being inducted as an individual. I’m going to be thinking about all
of the people who helped me get to where I am today – my family, my
teammates and my coaches, It’s not going to be about what I did,
but about the people who were such an important part of my
Mullin speaks fondly of the St. John’s players who were his
teammates and, together, brought the University into the national
college basketball spotlight during the mid-1980s. He believes that
whether they remained associated with basketball in some way or
took their careers in a different direction, their ultimate success
is a reflection of what they learned as players in one of the most
successful college programs of the era.
"We had some really great players back then,” he recalled, “and
although each has their own individual story and has taken their
own individual journey, they’ve all been successful in what they
wanted to do. Again, I have to say that the common thread was that
we all learned from Coach Carnesecca. He showed us that no matter
what business you get into, if you have really good core values
that you’ve learned along the way, you can adapt and be successful
in almost any situation.
A dedicated St.
John’s fan for as long as he can remember, Mullin is both excited
and proud of the way the team returned to the national college
basketball scene this past season. He believes that Head Coach
Steve Lavin, now preparing to enter his second year at the
helm, is the ideal person to bring the program back to the
greatness that was so characteristic of the years when Mullin was
racing up and down the court in Alumni Hall (now Carnesecca
"Steve Lavin did an outstanding job this past season, and the thing
that really jumps out about him is that he knows how to win. He’s
got a really great winning percentage and has taken several teams
into the NCAA. He’s also got a great personality and special
charisma, which coupled with his basketball knowledge and success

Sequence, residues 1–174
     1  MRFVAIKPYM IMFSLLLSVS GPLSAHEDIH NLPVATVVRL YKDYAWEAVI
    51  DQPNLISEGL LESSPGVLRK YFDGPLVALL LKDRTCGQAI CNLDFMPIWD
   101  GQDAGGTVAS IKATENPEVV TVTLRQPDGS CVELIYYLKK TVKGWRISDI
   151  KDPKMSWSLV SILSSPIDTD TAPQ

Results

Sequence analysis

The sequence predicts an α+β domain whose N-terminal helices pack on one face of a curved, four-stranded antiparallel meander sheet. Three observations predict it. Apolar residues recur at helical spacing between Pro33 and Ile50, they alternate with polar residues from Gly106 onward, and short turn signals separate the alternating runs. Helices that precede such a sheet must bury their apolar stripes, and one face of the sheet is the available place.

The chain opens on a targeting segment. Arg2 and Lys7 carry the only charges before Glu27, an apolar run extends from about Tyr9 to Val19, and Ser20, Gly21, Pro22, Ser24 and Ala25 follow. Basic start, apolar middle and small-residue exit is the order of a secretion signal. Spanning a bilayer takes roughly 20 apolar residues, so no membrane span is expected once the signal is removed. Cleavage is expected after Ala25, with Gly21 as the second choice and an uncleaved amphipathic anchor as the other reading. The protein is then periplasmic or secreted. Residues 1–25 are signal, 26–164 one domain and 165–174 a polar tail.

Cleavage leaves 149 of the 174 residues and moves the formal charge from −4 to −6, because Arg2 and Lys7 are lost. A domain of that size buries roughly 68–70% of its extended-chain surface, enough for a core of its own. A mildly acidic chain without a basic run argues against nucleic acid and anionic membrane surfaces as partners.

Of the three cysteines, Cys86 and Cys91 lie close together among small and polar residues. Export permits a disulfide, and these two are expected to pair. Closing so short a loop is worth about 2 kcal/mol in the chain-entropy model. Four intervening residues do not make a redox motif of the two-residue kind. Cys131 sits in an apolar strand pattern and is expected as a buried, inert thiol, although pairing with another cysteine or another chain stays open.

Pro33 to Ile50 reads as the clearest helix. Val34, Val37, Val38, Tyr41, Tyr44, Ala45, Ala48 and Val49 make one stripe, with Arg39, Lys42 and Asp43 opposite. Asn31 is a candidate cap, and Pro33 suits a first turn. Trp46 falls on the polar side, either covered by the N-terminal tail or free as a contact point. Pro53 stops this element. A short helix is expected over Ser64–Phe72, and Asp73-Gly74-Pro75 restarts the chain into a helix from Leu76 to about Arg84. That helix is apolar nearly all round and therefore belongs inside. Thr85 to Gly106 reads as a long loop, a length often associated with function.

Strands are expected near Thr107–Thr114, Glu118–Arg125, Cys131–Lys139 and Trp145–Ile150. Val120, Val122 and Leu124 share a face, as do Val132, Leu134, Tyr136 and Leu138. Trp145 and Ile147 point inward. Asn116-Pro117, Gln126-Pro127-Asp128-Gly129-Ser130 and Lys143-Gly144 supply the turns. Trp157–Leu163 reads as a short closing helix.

as a coach, makes him an excellent recruiter. Steve has only been
at St. John’s for one year, and he’s already embraced the program’s
traditions of excellence and is well on his way to building on
As he contemplates his upcoming induction into basketball’s most
exclusive club, this outgoing alumnus acknowledges the many special
moments that will be with him as he steps to the podium after what
is certain to be Coach Carnesecca’s memorable introduction of one
of his favorite players and dearest friends.
“I know that I’ll be looking back with lots of different things
going through my mind,” he predicted. “My Olympic experiences will
definitely stand out, because it was humbling to be selected from
among such a talented group of athletes to represent my country.
And I’ll certainly be thinking of all of the great people who have
been on my teams over the years, and of the great coaches who have
made such a difference in my life. I’m at the point in my life now
where the memories of the past assume greater importance, and I can
look back on the people who were with me at various points in my
life and realize how much they’ve done for me. That’s what I’ll be
thinking about on Induction Day.”